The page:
When Loren and Kristen Heeringa moved from Phoenix back to the Twin Cities 20 years ago, hunting for their dream home — or building one from scratch — wasn’t a viable option.

It was a corporate relocation, and with five children, the eldest just about to start high school, getting the family settled was the first priority.

So the Heeringas bought a good-enough house: a newish two-story with four bedrooms, set on a small lake in Eden Prairie.

“It was a cookie-cutter home,” said Loren, one of many that the original builder had put up in their subdivision when it was first developed. “You get what you get.”

The Heeringas made themselves at home, raised their family and set down roots in their neighborhood. One by one, the kids grew up and moved out.

Then the grandchildren started coming (the couple now have three, ages 9, 6 and 4), they needed space to host extended-family gatherings, and their house just wasn’t cutting it.

“The kitchen was never big enough,” Loren said. “When everybody was home for the holidays, it was elbow-to-elbow. We wanted more of a destination home, where you could have a large group be comfortable.”

Plus, their home was showing its age. Many of the features that were considered the height of style in the early 1990s had fallen out of favor. The windows were too small and didn’t make the most of their water views. And the two-story family room, in particular, felt noisy and drafty, not cozy and inviting.

“We wanted a change,” said Loren. “When you’ve lived elsewhere, you notice that Minnesota homes tend to be dark inside. Homes in the Southwest are more open, and the indoors and outdoors are more integrated.”

The Heeringas thought about moving, but decided against it. “We had neighbors we really liked,” Loren said. So they decided to stay and invest in the home they already had “to make the house how we wanted it.”

To do that, they turned to mackmiller design + build, a husband-and-wife team based in Eden Prairie. While the project started smaller, it ultimately grew into a reinvention of almost the entire house.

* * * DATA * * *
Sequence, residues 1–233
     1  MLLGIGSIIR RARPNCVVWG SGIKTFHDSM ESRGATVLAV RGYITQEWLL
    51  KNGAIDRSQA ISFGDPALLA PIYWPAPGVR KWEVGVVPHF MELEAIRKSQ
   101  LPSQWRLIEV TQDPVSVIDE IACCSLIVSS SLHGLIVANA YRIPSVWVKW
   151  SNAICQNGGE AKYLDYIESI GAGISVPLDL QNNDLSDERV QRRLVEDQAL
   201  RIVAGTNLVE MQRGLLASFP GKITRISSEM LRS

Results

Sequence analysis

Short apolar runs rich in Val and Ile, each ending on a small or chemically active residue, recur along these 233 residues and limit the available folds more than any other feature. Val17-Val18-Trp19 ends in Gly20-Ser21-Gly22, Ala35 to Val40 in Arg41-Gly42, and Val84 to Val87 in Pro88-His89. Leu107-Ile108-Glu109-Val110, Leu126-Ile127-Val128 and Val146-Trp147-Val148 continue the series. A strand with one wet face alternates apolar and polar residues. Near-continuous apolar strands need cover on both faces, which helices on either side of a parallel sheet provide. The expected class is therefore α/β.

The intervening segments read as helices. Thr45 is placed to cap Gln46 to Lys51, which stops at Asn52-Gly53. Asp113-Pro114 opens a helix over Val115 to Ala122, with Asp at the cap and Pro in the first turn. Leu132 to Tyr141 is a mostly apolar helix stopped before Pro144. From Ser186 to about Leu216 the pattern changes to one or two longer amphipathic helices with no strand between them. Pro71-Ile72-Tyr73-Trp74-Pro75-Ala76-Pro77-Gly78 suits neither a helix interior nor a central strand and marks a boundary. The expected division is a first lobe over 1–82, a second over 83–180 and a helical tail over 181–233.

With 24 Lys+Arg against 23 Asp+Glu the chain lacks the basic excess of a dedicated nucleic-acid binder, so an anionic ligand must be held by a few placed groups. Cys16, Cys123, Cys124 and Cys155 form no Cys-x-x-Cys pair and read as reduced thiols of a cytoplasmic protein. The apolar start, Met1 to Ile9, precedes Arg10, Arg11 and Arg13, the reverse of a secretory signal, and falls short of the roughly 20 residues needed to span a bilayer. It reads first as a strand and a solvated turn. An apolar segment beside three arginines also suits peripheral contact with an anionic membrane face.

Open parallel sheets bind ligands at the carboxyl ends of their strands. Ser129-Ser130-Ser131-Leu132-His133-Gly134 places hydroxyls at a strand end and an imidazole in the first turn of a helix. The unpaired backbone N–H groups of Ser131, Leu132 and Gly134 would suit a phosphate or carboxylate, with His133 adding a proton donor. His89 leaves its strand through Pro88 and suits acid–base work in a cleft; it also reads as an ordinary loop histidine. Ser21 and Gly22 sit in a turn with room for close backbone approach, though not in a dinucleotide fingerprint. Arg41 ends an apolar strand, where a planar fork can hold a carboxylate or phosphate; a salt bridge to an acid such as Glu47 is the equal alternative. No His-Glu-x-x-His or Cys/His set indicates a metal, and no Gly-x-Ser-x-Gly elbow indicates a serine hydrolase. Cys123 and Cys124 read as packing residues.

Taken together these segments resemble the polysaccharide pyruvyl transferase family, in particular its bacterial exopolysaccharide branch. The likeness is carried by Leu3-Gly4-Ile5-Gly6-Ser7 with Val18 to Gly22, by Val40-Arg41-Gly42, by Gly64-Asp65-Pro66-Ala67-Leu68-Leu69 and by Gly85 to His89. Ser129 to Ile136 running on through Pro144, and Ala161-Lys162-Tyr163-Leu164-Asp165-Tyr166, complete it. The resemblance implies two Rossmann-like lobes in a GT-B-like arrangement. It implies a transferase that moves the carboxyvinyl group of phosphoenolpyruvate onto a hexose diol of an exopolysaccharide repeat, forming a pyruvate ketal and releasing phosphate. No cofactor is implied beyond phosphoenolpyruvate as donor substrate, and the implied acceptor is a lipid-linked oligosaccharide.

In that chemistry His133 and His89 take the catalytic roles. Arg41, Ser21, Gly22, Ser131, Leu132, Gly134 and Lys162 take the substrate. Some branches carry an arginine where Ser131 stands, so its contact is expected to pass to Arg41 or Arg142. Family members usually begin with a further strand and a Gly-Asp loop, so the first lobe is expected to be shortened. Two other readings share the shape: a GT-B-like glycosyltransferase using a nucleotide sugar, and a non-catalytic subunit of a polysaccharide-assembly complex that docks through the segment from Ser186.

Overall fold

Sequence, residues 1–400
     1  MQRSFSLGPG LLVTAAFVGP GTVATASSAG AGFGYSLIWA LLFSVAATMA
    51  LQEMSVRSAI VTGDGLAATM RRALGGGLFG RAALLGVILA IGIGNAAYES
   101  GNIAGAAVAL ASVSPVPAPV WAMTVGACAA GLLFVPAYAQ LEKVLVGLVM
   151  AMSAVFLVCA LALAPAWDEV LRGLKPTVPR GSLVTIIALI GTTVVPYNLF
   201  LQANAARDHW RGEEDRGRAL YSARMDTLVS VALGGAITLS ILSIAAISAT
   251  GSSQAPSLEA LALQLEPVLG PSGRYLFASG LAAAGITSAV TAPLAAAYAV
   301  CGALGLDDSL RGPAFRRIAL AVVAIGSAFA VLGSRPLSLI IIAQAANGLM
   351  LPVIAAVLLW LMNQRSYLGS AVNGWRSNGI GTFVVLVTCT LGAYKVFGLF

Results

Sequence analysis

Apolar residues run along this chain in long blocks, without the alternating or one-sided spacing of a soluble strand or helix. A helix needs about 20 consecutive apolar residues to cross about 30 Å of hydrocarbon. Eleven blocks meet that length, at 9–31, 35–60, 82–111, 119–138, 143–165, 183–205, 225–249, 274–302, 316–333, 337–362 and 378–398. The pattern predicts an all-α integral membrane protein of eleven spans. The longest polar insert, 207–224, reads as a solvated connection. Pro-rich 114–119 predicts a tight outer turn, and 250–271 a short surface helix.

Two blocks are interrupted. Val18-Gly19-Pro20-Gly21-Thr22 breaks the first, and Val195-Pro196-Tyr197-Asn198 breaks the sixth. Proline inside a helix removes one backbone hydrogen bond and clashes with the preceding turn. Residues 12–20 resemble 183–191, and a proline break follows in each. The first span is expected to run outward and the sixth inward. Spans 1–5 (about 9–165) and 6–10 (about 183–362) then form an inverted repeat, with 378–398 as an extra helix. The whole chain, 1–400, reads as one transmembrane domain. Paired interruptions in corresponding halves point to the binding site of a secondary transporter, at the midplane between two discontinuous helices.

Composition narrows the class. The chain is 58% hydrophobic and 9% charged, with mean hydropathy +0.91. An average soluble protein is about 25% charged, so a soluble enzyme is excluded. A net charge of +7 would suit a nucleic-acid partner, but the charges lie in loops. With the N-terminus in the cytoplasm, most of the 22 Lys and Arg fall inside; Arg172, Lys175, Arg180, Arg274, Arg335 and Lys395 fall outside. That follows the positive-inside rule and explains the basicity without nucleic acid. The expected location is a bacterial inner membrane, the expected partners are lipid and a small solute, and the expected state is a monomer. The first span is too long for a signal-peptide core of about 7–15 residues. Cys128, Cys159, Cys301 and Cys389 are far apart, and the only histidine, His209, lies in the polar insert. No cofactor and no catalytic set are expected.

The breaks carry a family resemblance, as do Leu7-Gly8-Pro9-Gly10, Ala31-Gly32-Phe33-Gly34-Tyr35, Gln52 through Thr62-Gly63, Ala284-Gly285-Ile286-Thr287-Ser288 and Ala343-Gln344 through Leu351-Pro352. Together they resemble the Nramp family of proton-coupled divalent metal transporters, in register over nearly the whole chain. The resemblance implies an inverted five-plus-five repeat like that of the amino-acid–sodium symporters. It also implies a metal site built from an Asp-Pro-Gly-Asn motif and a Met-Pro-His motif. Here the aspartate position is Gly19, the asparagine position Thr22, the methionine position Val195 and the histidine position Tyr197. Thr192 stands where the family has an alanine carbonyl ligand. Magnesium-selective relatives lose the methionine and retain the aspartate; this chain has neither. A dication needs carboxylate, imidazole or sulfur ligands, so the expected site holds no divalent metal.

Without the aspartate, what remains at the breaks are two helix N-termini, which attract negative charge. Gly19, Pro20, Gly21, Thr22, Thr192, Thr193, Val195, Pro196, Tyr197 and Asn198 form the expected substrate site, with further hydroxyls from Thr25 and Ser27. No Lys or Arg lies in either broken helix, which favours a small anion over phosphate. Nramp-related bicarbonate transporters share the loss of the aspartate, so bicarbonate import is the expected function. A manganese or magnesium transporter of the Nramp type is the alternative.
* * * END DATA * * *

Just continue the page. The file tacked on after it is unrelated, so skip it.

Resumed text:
“It kind of snowballed,” said Loren. “We got more momentum and ideas.”

Moving the fireplace

One of the biggest ideas was to close off the ceiling of the two-story family room to create a bonus room above and a more human-scaled room below.

“It was not sized correctly — it was like an upended shoebox,” said Mary Mackmiller, interior designer. “That was the fashion then — an open floor plan on steroids. But it was freezing in winter, blazing hot in summer.”

Creating two rooms out of one gave the couple a workout/family room on the second floor, while “the main floor became a family room that they actually used,” said Mackmiller.

Another big design change was to relocate the room’s fireplace, which dominated the wall overlooking the water.

“There was a fireplace with two little windows on either side,” said Loren. “It was hard to decorate and took the best views of the lot. Mark [Mackmiller, who specializes in space planning] had a great idea to move the fireplace and put in big windows.” A new fireplace is now on another, less-prominent wall. The floor-to-ceiling windows overlooking the little lake dramatically transformed the room.

The formerly dark living room was brightened up with new windows and French doors to become a light-filled “piano room.”

The builder also reworked openings between rooms and around staircases. The door connecting the kitchen to the porch, for example, was widened to better integrate the spaces and create an inviting year-round room that brings the outdoors in.

“They took a closed-off porch and opened it up, with heated floors,” said Loren. “I love the outdoors.”

Geometric cut-outs on interior walls, another relic of the early ’90s, were closed.

“We Sheetrocked over all the goofy openings,” Mary Mackmiller said.

To expand the kitchen, Mark Mackmiller captured space from the back entry and laundry room, making room for a bigger, two-level island.

“Now we can be cooking, preparing food, and there’s still room to move around,” Loren said.

An addition created space for a bigger, better laundry room, where Kristen, a costumer who helps with high school productions, has ample space for sewing and storage.

New hues

Infusing the home with vivid color was another way to make the Heeringas’ home truly their own.

“They had pent-up demand for color,” said Mary Mackmiller. “It was builder white on the walls from when they purchased it” — so plain-vanilla that the “before” photos almost appear black and white.

“We wanted some vibrancy,” Loren agreed. “It helps your emotions, makes you happier.”

Their home’s new palette of yellows, rusts and Granny Smith apple green was drawn from the fabric on one of Kristen’s chairs, hues that also were reflected in the couple’s artwork.

“That inspired the whole house,” Mary Mackmiller said.

The couple also commissioned a new piece of art for their dining room — a three-panel canvas showing a castle, five people in a caravan and a few trailing cats.

“It symbolizes our kids coming home,” Loren said.

Now there’s plenty of room for big family gatherings. “It’s a great home for entertaining, a great home when all the kids come for the holidays,” Loren said.

Day-to-day life is better, too, he said. “It’s so much more fun — more pleasant to be in. This is like a new home.”

Like a new home, it was a big investment. All the improvements, including the new kitchen, baths, windows and landscaping, cost about as much as the couple originally paid for their house 20 years ago, Loren estimated.

Was it worth it? “Absolutely,” he said.